“It couldn’t possibly be in Cambodia. You don’t know jack about latitude and longitude. How do you expect to do your job, you don’t know the essentials?”

“I don’t need to know latitude and longitude to be a gumshoe.”

“Gumshoe,” Onions said disdainfully. “So do you still call the refrigerator an icebox? It’s a new century, Vern. These days, we’re in a paramilitary profession.”

“Private investigation isn’t a paramilitary profession.”

“The world gets more dangerous by the week. People need private detectives, private bodyguards, private security, private police, and we’re all those things. Police are paramilitary.”

“We’re not police,” Vern said.

“You’ve got your philosophy of the profession, and I’ve got mine,” said Bobby Onions. “The point is, I’m still on her, and I know the precise cartographic coordinates. If I had to call down a missile strike on her, she’d be toast.”

“Missile strike? She’s one woman.”

“Osama bin Laden is one man. They ever got precise coordinates on him, they’d call down a missile strike.”

“You’re just a private dick. You don’t have any authority to order a missile strike.”

“I’m only saying if I did, then I could because I’ve got the precise coordinates.”

Silently vowing to find another gumshoe for any future team jobs, Vern said, “Good for you.”

“Anyway, she’s on this hilltop, out in the sun, not in the tree shadows, nice silhouette against the sky. Easiest thing in the world to pick her off with a SIG 550 Sniper.”

Vern winced. “Tell me you’re not watching her through the scope of a rifle.”

“I’m not. Of course I’m not. I’m just saying.”

“Do you have a SIG 550 Sniper?” Vern asked.

“Minimum basic ordnance, Vern. Never know when you’ll need it.”

“Where is your rifle right now, Bobby?”

“Relax. It’s wrapped in a blanket in the back of the Rover.”

“We’re not hit men, Bobby.”

“I know we’re not. I know, Vern. I know better than you what we are. Relax.”

“Anyway, nobody wants her dead.”

“There isn’t nobody that somebody doesn’t want dead, Vern. Bet a hundred people wouldn’t mind you dead.”

“How many you think wouldn’t mind you dead, Bobby?”

“Probably a thousand,” Bobby Onions said with what sounded like a note of pride.

“All you were supposed to do was watch her while I searched her house, and warn me if she started to come home.”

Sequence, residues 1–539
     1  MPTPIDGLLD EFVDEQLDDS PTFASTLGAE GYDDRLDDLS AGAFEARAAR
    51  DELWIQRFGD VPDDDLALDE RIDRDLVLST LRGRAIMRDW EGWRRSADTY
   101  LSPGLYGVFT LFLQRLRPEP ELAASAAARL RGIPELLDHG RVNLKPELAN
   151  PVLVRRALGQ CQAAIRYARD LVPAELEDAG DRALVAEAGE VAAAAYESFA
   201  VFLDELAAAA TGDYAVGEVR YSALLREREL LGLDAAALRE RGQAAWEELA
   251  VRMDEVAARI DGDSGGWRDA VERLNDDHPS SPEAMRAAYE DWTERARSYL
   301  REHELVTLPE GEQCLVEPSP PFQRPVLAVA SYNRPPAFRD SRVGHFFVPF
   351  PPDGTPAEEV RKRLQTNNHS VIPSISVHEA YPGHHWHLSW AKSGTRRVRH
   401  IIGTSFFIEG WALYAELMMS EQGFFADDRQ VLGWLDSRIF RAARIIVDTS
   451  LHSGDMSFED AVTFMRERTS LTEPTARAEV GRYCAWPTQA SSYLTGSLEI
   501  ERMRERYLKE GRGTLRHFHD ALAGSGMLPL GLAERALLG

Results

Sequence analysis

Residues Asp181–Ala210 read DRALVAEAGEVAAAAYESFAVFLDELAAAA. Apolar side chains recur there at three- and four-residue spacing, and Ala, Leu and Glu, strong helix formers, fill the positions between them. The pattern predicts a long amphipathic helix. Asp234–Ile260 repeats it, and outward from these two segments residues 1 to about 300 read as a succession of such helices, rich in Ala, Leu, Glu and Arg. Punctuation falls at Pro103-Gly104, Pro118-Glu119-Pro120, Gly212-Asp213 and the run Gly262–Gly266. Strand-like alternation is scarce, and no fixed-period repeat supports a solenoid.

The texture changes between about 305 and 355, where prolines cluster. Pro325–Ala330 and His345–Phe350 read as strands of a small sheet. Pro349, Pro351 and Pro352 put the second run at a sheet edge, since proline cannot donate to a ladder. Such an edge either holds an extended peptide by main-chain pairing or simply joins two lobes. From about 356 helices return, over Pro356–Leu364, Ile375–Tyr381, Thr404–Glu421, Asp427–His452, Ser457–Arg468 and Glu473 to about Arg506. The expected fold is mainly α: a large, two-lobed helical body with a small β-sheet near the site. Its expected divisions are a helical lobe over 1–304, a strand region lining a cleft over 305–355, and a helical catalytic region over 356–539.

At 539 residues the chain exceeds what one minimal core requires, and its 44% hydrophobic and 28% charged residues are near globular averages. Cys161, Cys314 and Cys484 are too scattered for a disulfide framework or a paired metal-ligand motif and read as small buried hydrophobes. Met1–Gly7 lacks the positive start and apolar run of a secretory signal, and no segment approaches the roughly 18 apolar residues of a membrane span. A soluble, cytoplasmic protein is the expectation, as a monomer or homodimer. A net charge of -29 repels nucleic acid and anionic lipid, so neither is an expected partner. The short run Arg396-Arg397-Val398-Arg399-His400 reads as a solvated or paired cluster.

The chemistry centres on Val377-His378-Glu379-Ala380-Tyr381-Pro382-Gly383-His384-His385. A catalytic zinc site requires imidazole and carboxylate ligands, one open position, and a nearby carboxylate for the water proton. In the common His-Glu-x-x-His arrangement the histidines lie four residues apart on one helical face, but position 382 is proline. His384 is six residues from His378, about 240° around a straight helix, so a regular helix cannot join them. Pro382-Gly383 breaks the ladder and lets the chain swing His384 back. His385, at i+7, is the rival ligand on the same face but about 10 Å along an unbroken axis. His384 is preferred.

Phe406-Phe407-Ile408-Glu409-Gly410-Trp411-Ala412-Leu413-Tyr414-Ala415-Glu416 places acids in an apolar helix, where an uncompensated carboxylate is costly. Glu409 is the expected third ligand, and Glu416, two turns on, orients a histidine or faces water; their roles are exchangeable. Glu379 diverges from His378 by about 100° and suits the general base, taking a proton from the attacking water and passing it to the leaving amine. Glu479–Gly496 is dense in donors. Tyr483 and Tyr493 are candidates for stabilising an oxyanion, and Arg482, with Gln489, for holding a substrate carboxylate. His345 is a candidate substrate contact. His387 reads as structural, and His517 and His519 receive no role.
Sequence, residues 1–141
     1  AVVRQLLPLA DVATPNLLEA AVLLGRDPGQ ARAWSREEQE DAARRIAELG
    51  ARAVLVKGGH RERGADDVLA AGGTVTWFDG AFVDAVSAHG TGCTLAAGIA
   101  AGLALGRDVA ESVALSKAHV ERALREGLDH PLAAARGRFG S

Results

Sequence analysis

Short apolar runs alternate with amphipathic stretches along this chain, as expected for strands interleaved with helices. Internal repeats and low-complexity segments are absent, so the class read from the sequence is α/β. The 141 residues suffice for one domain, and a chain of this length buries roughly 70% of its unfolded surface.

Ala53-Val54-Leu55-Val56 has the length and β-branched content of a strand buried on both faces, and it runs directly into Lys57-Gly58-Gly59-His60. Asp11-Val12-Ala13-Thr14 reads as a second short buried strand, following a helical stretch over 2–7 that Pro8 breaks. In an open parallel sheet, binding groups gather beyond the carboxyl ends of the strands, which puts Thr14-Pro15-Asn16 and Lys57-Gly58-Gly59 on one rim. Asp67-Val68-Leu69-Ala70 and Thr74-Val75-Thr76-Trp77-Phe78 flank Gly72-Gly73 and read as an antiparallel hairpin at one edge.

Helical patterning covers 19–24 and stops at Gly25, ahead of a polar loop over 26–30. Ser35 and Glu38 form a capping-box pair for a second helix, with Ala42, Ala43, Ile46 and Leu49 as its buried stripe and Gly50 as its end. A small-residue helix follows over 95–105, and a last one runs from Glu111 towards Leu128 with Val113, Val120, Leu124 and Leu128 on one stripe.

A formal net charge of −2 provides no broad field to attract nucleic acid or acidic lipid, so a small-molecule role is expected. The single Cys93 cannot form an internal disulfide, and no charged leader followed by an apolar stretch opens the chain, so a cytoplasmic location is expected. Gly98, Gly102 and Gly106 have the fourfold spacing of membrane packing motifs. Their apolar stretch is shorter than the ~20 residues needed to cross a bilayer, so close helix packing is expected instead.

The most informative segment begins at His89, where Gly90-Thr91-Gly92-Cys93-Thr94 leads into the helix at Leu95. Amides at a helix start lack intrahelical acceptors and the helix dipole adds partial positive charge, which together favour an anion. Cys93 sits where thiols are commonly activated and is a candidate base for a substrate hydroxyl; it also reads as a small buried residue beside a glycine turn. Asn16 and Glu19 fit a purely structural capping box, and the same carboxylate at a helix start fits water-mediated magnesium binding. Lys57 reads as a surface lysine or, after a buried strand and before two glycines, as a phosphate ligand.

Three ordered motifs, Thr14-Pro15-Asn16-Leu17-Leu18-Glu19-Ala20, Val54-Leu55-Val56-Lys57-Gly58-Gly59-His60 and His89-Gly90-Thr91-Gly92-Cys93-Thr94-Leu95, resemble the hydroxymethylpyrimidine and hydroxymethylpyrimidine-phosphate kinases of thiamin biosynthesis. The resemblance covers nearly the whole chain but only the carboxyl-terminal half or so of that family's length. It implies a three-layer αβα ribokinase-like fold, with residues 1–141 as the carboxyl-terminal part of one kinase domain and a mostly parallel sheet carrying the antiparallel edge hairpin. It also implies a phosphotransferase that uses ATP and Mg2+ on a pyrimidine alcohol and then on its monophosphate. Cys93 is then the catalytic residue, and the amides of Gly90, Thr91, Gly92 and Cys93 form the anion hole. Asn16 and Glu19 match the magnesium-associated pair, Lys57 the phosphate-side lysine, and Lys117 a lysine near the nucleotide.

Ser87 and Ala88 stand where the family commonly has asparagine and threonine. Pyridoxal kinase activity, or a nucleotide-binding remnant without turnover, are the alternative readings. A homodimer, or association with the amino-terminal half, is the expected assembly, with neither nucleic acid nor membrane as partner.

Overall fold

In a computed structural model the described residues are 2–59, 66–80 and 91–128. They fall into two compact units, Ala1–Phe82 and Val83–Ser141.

“That’s all I’ve done, Vern. She’s up there on the hill with her dogs, silhouetted against the sky.”

Vern said, “I’m done here. I’m leaving as soon as I hang up. So you don’t need to watch her anymore.”

“I don’t mind watching her. I’m on the clock for you anyway until after the meeting with the wallet.”

“Wallet? What wallet?”

“That’s what I call the client. I call a client the wallet.”

“I call him the client.”

“Doesn’t surprise me, Vern. What do you call the subject of a surveillance, like this woman?”

“I call her the subject,” said Vern, “the mark, the bird.”

“That’s all so old,” Bobby said disdainfully. “These days, the mark is called the monkey.”

“Why?” Vern wondered.

“Because it’s not the Jurassic Period anymore, Vern.”

“You’re twenty-four. I’m only thirty-nine.”

“Fifteen years, Vern. These days, that’s an Ice Age. Times change fast. You still want to meet at two-thirty before we go see the wallet?”

“Yeah. Two-thirty.”

“Same rally you said before?”


“Rallying point, Vern, meeting place. Get it?”

“Yeah. Same rally as before. Two-thirty. Hey, Bobby.”


“If some guy’s an as**ole, what do people call him these days?”

“Far as I know, that’s what they call him.”

“I guess as**ole is a kind of timeless word. See you at two-thirty.”

Vern terminated the call and looked around the cheerful yellow-and-white kitchen. He wished he didn’t have to leave. Amy Cogland, alias Amy Redwing, had a sweet life here.

After locking the bungalow behind him, Vern walked back to his rustbucket Chevy, carrying the white trash bag of items that he had confiscated during the search. He felt old and dumpy, and melancholy.

As he drove away from Redwing’s neighborhood, he thought about Von Longwood and the flying sports car in Second Life, and his mood began to improve.

Chapter 25

A half dozen sea gulls drop out of the sky, shriek to perches on the higher branches of the Montezuma pine, fall silent in the same instant, seem simultaneously to detect a danger, and as one burst into flight, with a violent drumming of wings.

Either disturbed by the gulls or coming loose by coincidence, a ten-inch pine cone rattles down through the branches and lands on the blanket beside Moongirl.

She does not react to the sudden shrill cries of the gulls or to the thunder of their wings, or to the fall of the heavy cone. With the manicurist’s brush, she smoothly spreads purple polish across a toenail.

After a while, she says, “I hate the gulls.”

“We’ll go to the desert soon,” Harrow promises.

“Someplace very hot.”

“ Palm Desert or Rancho Mirage.”

“No waves breaking.”

“No gulls,” he says.

“Just hot silent sun.”

“And moonlit sand at night,” he says.

“I hope the sky is white.”

“You mean the desert sky.”

“Sometimes it’s almost white.”

“That’s more like August,” he says.

“Bone-white around the sun. I’ve seen it.”

“At high altitudes like Santa Fe.”


“If you want it, then it will be.”

“We’ll go from fire to fire.”

He doesn’t understand, so he waits.

She finishes painting the last toenail. She returns the brush to the bottle of purple polish.

She tosses her head to cast her long hair behind her shoulders, and her bare br**sts sway.

Far out on the scaly sea, a ship is northbound. Another sails south.

When one profile passes behind the other, perhaps the ships will cancel each other, and cease to exist.

This is not a thought he would have had before hooking up with Moongirl.

Eventually all ships sink or they are disassembled for scrap. In time, anything that was something becomes nothing. Existence has no ultimate purpose except cessation.

So why shouldn’t the existence of any one thing-ship or person-terminate at any moment, without cause or reason?

“We’ll burn them all,” she says.

“If that’s what you want.”

“Tomorrow night.”

“If they get here by then.”

“They will. Burn them down to bones.”

“All right.”

“Burn them, then to the desert. From fire to fire.”

Harrow says, “When you say burn them all…”

“Yeah. Her, too.”